LAS VEGAS (KLAS) — Nevada aviator John Lear’s death Tuesday night has sent ripples through the worlds of aviation and conspiracy theories. Lear was widely known for his claims about UFOs and Area 51, but also for a lifetime of daring exploits in everything that could fly.
“Most people think I’m absolutely nuts and that’s OK with me,” Lear told 8 News Now in a 2007 interview.
He didn’t mind when people attacked his wild stories. In fact, he reveled in it. He came to be known as the “Godfather of Conspiracies,” but anyone who was given the tour of his jam-packed den knew there was a lot more to Lear than tall tales. Those walls were a museum of his life, pictures with the famous and infamous, of planes he had flown, secret places, and projects he’d investigated. Regret wasn’t a word he was known to use.
George Knapp: “Would you do it the same way.”
John Lear: “Exactly the same way.”
Lear was the son of a world-famous man. His father, Bill Lear, created the Lear jet and invented the 8-Track tape system. Determined to carve out his own path, Lear dove into aviation, becoming an accomplished pilot at a young age, eventually setting multiple world records in all manner of planes. His daredevil life came with a cost — serious injuries caused by plane crashes he shouldn’t have survived.
During the Vietnam era, he flew cargo planes for the CIA and continued to court danger by flying in and out of other hotspots. His contacts in the aerospace world were extensive, and Lear became interested in secret planes and projects. In the 80s he and a few friends started staking out obscure bases in the Nevada desert, places that later became world-famous.
Lear helped KLAS-TV break the story about the existence of a secret plane that was invisible to radar. In the mid-80s, he started hearing stories about a UFO coverup, and not surprisingly jumped in with both feet, making various media appearances to discuss his ideas.
“There’s always something going on there, some secret project going on there,” Lear said.
In March 1989, he accompanied a small group to the outskirts of Area 51. Three Wednesday nights in a row, they watched a glowing disc rise above the mountains over Papoose Lake, a dry lake bed.
On March 29, 1989, Lear and friends recorded video of this object, a glowing disc that rose from a facility that officially didn’t exist. Ironically, March 29 was the same date Lear died at his Las Vegas home, though many years later.
The person who initiated the desert outing was a scientist who claimed he worked at Papoose on flying saucers. That scientist was interviewed live on television in May 1989 from Lear’s driveway, a tale that spread around the world.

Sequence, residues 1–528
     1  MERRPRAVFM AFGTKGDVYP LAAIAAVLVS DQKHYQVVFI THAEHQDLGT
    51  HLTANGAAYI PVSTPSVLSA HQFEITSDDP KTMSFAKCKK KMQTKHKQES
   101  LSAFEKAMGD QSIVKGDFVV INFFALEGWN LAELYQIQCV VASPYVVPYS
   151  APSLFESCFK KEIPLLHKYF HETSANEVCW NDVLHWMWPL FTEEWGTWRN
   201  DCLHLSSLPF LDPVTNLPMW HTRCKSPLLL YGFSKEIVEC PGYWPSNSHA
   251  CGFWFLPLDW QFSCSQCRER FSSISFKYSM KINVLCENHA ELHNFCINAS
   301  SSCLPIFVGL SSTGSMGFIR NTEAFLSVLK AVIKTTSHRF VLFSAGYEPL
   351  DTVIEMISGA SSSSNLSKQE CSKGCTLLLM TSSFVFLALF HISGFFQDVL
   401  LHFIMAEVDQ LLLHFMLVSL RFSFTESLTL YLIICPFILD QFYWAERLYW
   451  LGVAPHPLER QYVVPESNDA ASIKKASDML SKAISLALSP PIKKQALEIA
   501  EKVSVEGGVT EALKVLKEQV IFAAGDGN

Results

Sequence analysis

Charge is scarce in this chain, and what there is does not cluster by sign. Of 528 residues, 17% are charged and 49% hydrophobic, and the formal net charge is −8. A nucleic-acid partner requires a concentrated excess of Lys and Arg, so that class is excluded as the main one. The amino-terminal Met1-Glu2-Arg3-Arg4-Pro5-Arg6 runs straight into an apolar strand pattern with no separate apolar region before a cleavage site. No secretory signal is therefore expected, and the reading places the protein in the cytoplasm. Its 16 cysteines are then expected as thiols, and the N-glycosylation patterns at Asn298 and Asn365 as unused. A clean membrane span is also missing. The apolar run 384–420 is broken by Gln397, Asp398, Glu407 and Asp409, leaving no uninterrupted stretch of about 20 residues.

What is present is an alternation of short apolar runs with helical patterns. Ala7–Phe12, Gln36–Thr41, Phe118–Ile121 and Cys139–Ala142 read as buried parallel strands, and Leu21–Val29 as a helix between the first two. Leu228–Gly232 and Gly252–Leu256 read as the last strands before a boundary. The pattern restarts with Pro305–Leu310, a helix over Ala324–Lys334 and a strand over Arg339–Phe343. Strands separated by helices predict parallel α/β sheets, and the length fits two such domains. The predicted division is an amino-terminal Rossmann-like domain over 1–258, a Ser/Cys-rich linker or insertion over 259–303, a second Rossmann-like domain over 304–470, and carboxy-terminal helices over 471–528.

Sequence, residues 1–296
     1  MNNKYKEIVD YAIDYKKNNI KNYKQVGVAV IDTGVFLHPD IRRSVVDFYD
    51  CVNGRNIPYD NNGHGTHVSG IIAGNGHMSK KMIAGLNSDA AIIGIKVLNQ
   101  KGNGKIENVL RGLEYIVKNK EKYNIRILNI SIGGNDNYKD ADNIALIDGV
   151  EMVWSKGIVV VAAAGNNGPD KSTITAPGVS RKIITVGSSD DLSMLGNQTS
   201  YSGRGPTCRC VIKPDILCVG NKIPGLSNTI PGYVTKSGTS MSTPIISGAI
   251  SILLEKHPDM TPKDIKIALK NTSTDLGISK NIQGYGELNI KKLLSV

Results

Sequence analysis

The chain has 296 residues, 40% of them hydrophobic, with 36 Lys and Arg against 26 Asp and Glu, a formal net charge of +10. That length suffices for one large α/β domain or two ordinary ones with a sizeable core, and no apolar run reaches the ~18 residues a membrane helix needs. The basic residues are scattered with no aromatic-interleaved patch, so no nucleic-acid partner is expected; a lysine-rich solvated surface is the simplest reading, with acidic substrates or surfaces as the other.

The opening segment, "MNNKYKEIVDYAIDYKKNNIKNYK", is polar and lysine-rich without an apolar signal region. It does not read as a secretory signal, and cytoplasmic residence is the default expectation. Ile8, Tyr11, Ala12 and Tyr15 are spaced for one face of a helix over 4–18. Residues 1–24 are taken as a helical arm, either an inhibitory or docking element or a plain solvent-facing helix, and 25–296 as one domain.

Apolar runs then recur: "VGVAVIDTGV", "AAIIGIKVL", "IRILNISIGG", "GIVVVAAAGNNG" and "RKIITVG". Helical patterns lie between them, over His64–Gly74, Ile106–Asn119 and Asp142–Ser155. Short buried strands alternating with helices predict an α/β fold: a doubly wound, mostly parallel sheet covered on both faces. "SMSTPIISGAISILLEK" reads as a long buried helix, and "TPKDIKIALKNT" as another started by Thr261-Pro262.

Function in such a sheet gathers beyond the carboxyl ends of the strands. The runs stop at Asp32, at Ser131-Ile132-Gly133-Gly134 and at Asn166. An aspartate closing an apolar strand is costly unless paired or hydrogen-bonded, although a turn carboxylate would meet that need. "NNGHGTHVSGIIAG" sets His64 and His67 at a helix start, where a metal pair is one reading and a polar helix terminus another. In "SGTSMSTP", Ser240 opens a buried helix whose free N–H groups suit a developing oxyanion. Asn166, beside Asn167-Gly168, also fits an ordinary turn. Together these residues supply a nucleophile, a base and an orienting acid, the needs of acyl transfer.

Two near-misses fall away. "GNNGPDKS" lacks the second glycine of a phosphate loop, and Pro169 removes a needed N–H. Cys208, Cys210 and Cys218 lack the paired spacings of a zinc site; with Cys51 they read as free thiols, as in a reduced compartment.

Later that year, the identity of Lear’s friend was made public. Bob Lazar’s claims put Area 51 on the map, inspired movies, TV shows, and entire industries along what came to be known as Nevada’s Extraterrestrial Highway.
In his later years, Lear’s health declined. He could no longer fly but continued to share stories about increasingly outrageous conspiracies, enjoying the outrage they generated.
The crazy stories don’t obscure what was an amazing life. In the end, Lear figured he’d be vindicated.
“All I can tell you is when you find out the truth a month or years from now, you’ll look back and say, my gosh, the son of a gun was right.” You can see that video clip at this link.
Lear instructed his daughter to issue this message after his death.
“Tell them John Lear has embarked on his next adventure.”
Statements sent following Lear’s death
“John was a great pal for over 30 years – if you were lucky enough to meet him, you know he was an unforgettable and unique person. If he didn’t make you think he certainly made you smile. I’ll truly miss him.”
Aviation writer Jim Goodall:
“John Lear came into my life just short of a half-century in early 1973.
One of John’s favorite pranks was to pretend he was livid at you for something you had no knowledge of. He’d almost be foaming at the mouth. But you had to watch his eyes.
If you detected that “John Lear” gleam in his eyes, you knew he was just pulling your leg. And when caught, he would respond with a big belly laugh.”
Lear’s friend Gene Huff:
“If you were never entertained, educated, or astonished by John Lear, you never spoke to him! Ufology will never be the same without him.”
Jeremy Corbell, filmmaker:
“John Lear was a legend both for his aviation accomplishments and for his dynamic contributions to the study of the UFO mystery. Everything we’re seeing unfold today in the UFO field would not have been possible without John Lear. He was one of a kind.”
John Lear’s daughter said her father asked her to post this message on his Facebook page when he went on to his next lifetime.
“Angels are allowed a few mistakes but he tried not to abuse that privilege.”